Children's Health


Helping Your Kids Form Healthy Eating Habits

Every day you see another headline about the obesity epidemic in kids. One of the latest studies shows that obese children face not only long-term risks, but also more immediate ones. They’re more likely to have problems such as asthma, learning disabilities, and attention deficit/hyperactivity disorder (AD/HD).1

Yet kids (and adults) are surrounded—on television, on billboards, and online —by messages beckoning them to eat sugary, high-fat, often empty-calorie foods. It can feel like an uphill battle to get kids to make healthier choices—especially as they’re heading back to school, and out of earshot. Sure, you aren’t going to win all the battles. But you can have a huge impact. Here are a few important reminders:

1. Control the flow. What are you bringing into the house (and what kinds of habits are you modeling)? Remember, you have some control over this until your kid is old enough to shop solo. For now, you have veto power. If you keep the junk out, it can’t go in.2

2. Look at labels. Of course, stocking up on healthy foods means you also need to check labels.2 You might be surprised at what you find. That tub of nonfat flavored yogurt you think is so healthy might be chockfull of sugar—containing even more than the kids’ cereal you long ago shunned.

3. Go for staying power. Go for whole-grain breads, tortillas, pretzels, or cereals. Mix almond butter and celery, apples, or bananas. Try something new once in a while to broaden your kid’s tastes. Maybe roasted soy nuts will be a hit. Or, sweet red peppers dipped in hummus. You’ll never know unless you give it a try.2

4. Make it easy. Keep a bowl of fruit on the counter or string cheese or bags of low-sugar, whole-grain cereal within reach. Just don’t make eating too easy. In other words, restrict it to the kitchen or dining area. That can go a long way toward limiting mindless snacking in front of the TV or computer screen.2

5. Watch the sugar. Oh, yes, I know. That’s a tough one. Maybe even your sweet tooth gets its way more often than not. But sugar may do more than add extra pounds or cause tooth decay. New evidence links large amounts of sugar—separate from other factors—to the diabetes epidemic.3

If you do nothing else, nix the sweetened drinks. That includes sodas as well as fruit, energy, and sports drinks. Children who drink them not only consume more calories. They are also more likely to eat unhealthy foods.4 Keep milk and water on hand, instead of fruit juice and sweetened drinks or flavored milk or drinkable yogurt.3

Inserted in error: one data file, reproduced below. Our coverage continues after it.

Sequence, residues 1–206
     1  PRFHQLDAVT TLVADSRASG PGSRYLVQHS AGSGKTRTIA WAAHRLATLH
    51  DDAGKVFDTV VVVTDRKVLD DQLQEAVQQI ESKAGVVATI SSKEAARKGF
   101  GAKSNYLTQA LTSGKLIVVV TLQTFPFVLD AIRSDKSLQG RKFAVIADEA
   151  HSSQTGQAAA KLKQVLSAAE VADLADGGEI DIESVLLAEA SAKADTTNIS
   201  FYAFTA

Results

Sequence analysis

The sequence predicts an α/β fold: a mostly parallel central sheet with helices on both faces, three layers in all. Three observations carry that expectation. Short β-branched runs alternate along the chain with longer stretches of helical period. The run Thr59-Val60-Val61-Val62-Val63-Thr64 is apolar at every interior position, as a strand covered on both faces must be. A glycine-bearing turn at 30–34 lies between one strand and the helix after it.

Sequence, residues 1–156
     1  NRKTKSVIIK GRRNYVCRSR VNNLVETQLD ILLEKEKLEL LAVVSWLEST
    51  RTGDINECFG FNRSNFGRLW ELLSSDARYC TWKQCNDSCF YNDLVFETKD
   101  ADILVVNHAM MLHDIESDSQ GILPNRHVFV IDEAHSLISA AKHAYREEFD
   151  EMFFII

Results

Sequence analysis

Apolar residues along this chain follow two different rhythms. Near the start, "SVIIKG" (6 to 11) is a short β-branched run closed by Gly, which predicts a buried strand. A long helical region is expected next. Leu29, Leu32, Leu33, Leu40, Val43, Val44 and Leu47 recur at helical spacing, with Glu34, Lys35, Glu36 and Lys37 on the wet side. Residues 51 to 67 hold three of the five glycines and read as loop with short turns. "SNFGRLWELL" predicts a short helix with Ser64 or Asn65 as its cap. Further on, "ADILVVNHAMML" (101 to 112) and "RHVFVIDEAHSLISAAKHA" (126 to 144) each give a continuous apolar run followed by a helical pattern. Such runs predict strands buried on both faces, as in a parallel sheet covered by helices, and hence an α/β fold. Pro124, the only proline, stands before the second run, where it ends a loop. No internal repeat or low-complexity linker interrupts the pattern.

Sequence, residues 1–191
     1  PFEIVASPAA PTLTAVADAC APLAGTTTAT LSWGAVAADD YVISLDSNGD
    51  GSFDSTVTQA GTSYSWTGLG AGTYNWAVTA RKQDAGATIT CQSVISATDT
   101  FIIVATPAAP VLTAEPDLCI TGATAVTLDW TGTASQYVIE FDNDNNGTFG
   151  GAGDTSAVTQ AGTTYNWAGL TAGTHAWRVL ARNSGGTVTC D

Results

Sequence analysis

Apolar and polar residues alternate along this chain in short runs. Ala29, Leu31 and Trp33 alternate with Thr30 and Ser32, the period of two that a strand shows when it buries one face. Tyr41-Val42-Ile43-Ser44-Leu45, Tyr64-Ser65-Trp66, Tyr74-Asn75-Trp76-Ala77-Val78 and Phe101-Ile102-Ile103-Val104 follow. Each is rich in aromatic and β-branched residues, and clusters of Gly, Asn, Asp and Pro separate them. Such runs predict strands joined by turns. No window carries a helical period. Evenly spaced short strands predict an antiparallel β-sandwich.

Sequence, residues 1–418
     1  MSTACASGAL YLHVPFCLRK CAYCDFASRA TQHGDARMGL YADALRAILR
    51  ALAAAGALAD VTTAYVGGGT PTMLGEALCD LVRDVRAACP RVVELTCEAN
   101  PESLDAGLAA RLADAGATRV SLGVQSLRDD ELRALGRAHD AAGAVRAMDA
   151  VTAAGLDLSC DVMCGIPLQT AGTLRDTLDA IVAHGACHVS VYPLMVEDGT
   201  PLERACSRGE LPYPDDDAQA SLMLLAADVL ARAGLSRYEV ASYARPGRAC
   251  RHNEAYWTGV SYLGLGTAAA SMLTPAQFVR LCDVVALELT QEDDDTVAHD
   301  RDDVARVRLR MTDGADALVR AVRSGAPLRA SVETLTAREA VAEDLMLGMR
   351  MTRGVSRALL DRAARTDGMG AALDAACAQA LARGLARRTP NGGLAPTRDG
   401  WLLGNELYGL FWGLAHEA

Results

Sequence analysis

Along with these five healthy habits, don’t forget an insurance policy for your kids: vitamins. When you come into the store, I can advise you about this.

Sources

1. HealthDay: “Obese Kids May Face Immediate Health Woes, Study Finds.” Available at: http://www.nlm.nih.gov/medlineplus/news/fullstory_133190.html Accessed March 17, 2013.

2. Mayo Clinic: “Healthy snacks for kids: 10 child-friendly tips.” Available at: http://www.mayoclinic.com/health/childrens-health/HQ00419/METHOD=print Accessed March 17, 2013.

3. Basu S, Yoffe P, Hills N, Lustig RH (2013) The Relationship of Sugar to Population-Level Diabetes Prevalence: An Econometric Analysis of Repeated Cross-Sectional Data. PLoS ONE 8(2): e57873. doi:10.1371/journal.pone.0057873. Available at: http://www.plosone.org/article/info%3Adoi%2F10.1371%2Fjournal.pone.0057873 Accessed March 17, 2013.

4. HealthDay: “Sweet Drinks Tied to Higher Calorie Consumption in Kids.” Available at: http://www.nlm.nih.gov/medlineplus/news/fullstory_134838.html Accessed March 17, 2013.

5. FamilyDoctor.org: “Kids: Passing on Health Habits to Your Children.” Available at: http://familydoctor.org/familydoctor/en/kids/eating-nutrition/healthy-eating/kids-passing-on-healthy-habits-to-your-children.printerview.all.html Accessed March 17, 2013. 




School Health

Kids should learn to share, right? But, gee whiz…. When it comes to bugs and other contagious health problems in school, does your kid have to get everything that’s passed around?

Packed into a classroom and messing around on a playground or locker room, kids do tend to share lots of health problems in school. What can you do about it? And when should you be concerned? Here are a few things to think about.

Does head lice top your list of concerns? Although these creepy insects might disgust you, it may help to know that they don’t cause diseases or other health problems – other than maybe a red, rash-like reaction.  Of course, that doesn’t mean you want to ignore them since they spread really easily. Follow up with the doctor if your child complains of an itchy scalp or you catch sight of tiny white eggs firmly attached at hair roots. These are often confused with dandruff. Your child’s doctor may prescribe a treatment and other over-the-counter (OTC) shampoos or rinses. Follow directions closely and be sure to ask me if you have any questions.1

Viral infections such as chicken pox are common, too. Many are contagious before skin lesions appear. But be sure to keep your child home until the sixth day after the rash appears unless all lesions are dry and crusted over. To prevent this infection, have your child vaccinated.1

Fifth disease is another viral disease. It causes a lacy rash on arms and redness on cheeks that looks like the result of a well-placed slap. Unless your child feels too sick, there’s no need to stay home. That’s because the disease only spreads before symptoms appear. However, tell the school so female employees of childbearing age can be notified. Fifth disease can severely hurt a developing fetus.1